Robert J. Flaherty (1884-1951)
Keywords: Biographies, Expeditions, Explorers, Flaherty, Robert Joseph, 1884-1951, Geological exploration, History, Motion pictures, Belcher Islands, Nunavut, Nouveau-Québec, Inukjuak region, Québec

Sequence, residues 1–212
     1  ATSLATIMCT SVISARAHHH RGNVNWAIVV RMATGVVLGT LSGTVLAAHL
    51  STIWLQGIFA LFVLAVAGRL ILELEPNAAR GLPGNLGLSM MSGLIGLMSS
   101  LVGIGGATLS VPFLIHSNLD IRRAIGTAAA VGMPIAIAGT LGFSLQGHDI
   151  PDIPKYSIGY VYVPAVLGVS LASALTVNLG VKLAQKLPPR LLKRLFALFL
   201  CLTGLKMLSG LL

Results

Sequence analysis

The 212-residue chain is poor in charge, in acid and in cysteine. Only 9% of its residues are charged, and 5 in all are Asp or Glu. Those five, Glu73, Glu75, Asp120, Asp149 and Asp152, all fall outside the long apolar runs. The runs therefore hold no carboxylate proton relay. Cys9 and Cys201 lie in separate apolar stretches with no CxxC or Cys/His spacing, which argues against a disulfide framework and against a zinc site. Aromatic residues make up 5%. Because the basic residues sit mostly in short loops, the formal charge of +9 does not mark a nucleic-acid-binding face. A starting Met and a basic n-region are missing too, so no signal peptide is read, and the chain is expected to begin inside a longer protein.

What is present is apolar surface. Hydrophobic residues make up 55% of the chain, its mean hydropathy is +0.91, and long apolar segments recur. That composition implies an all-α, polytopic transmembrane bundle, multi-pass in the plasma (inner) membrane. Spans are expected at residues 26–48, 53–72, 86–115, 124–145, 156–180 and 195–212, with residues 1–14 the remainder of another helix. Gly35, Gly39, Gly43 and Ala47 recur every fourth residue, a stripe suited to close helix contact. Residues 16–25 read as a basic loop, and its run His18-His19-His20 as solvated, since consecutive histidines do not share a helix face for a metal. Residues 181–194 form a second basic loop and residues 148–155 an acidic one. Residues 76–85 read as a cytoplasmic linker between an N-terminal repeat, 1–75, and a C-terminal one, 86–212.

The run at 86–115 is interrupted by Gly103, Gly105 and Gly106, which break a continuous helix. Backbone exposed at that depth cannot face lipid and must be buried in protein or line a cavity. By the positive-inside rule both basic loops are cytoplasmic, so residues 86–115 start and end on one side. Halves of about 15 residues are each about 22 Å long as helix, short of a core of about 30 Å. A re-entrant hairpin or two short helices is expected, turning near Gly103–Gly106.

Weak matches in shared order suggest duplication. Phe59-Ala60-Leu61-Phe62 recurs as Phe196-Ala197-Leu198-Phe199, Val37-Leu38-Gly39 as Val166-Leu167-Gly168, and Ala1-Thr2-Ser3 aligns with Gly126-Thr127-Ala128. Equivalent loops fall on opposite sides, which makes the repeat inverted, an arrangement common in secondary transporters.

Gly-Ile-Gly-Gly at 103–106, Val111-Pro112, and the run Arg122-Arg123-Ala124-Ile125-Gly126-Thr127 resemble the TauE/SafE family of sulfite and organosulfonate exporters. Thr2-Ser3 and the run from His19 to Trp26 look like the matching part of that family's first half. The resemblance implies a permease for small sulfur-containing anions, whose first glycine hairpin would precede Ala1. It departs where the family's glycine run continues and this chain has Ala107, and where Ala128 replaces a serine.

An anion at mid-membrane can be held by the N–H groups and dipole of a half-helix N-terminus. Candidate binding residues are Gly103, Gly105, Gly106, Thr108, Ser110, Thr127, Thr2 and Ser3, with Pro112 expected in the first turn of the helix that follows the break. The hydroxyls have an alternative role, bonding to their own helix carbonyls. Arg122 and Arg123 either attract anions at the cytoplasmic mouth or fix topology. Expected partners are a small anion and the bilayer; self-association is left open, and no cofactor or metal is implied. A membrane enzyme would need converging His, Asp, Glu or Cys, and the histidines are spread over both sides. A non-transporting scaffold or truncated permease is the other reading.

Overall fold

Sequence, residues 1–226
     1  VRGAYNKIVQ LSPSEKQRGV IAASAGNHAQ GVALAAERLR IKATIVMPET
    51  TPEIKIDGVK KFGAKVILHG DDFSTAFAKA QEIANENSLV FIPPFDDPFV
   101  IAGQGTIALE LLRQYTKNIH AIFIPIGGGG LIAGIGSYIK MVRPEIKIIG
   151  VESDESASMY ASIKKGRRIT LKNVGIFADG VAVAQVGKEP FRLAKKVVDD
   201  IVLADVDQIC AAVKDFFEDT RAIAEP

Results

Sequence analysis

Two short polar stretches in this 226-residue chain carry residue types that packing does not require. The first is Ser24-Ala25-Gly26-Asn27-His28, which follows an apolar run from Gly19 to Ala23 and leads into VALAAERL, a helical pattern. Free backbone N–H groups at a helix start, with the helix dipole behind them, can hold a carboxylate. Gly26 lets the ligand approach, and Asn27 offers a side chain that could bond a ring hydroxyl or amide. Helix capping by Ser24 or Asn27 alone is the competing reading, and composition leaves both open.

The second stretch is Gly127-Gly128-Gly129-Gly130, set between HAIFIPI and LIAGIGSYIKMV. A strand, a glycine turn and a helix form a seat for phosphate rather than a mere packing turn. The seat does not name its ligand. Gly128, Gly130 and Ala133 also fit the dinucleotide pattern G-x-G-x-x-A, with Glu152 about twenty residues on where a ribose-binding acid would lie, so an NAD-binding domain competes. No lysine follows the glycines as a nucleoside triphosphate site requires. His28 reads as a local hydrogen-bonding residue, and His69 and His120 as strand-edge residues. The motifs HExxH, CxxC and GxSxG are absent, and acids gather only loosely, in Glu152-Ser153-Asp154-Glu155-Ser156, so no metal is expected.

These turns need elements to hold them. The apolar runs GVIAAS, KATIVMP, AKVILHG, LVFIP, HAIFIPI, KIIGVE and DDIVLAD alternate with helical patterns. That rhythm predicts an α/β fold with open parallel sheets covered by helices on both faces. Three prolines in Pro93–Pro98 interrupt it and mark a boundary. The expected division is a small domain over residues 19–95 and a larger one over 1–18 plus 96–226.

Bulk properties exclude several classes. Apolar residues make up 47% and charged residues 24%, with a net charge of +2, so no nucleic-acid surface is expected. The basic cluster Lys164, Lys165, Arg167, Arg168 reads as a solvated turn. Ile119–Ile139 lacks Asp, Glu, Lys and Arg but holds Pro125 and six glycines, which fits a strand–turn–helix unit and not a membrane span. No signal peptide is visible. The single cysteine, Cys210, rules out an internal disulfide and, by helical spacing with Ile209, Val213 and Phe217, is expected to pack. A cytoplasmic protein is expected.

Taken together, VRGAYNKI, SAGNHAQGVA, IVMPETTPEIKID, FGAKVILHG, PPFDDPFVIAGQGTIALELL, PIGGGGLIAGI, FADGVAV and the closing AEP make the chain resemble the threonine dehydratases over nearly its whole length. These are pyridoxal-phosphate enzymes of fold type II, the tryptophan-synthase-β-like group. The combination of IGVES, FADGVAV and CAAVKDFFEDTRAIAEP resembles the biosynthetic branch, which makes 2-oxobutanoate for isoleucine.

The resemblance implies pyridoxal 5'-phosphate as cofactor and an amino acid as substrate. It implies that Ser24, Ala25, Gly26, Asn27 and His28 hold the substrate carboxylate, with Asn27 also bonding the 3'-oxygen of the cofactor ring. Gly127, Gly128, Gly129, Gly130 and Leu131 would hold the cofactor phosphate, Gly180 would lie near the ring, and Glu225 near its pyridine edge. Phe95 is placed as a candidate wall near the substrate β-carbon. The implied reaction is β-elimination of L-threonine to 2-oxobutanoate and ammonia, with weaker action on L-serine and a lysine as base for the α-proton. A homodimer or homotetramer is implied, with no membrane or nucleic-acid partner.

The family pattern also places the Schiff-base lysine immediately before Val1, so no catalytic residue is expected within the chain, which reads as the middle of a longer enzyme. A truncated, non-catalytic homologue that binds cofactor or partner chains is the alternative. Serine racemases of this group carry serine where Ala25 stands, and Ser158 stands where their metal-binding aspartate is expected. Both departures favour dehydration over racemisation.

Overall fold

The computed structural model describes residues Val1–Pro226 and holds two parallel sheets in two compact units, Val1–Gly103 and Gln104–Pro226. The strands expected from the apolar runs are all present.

AbstractRobert J. Flaherty is probably best remembered for his first film, Nanook of the North. Less well known are his experiences as an arctic prospector-explorer on the Mackenzie expeditions and the exploration of the remote Belcher Islands. ... His love for a primitive, unsophisticated way of life developed early, and as a young man, Flaherty persued a career as explorer, prospector, and railroader. He worked in a Michigan copper mine and for the Grand Trunk Pacific Railway, and he prospected for marble on Vancouver Island and for iron ore at Lake Huron and the Mattagami River. It was while his father was employed by Mackenzie and Mann in Toronto that Flaherty met Sir William Mackenzie. ... It was Mackenzie's judgment of men and his receptiveness to new ideas that helped start Flaherty on his career as a filmmaker. ... from the Inuit ... Flaherty learned of the Belcher islands. Their descriptions led him to believe he would find mineral deposits there. He reported his findings to Mackenzie, who excitedly asked him to make a second expedition. Flaherty set out on this 19-month-long expedition in 1911. ... During the summer of 1912 he made a cross-section of an area of over 30 million hectares. Upon returning to Lower Canada, he again reported his findings to Mackenzie. Although at the time his survey results were thought to be mineralogically unimportant and economically unfeasible to work, their significance was later realized. Mackenzie, impressed by the Inuit tales, insisted Flaherty should go to the Belcher Islands by proper ship. ... Early in 1914 Flaherty began filming Inuit women, igloo building, conjuring dances, sledging, and seal hunting. ... In 1920 Flaherty met Captain Thierry Mallet of Revillon Freres, who agreed to finance a filmmaking expedition to the company's sub-arctic fur trading post, Port Harrison on Cape Dufferin. Departing in August 1920, he travelled up the Innusuk River with a group of Inuit who had agreed to participate in the project. He filmed under the harshest of circumstances for man, camera, and film, journeying as far as 960 km to shoot a bear-hunting scene. He returned home in August 1921. Nanook of the North (1920-1921) was the beginning of Flaherty's filmmaking career. His passion to communicate his experiences resulted in other films, in all of which a recurrent theme occurs: through their struggle with nature, human beings are purified, cleansed, and achieve maturity and dignity. ... His achievements under incredibly severe hardships assure his place not only in the history of Canada, but of the world. As an arctic explorer, Flaherty's contributions were significant. Today, untold wealth is mined in Ungava and the Belchers. As a filmmaker, Flaherty's contributions were monumental, creating a documentary film tradition that continues to engage audiences and to influence filmmakers.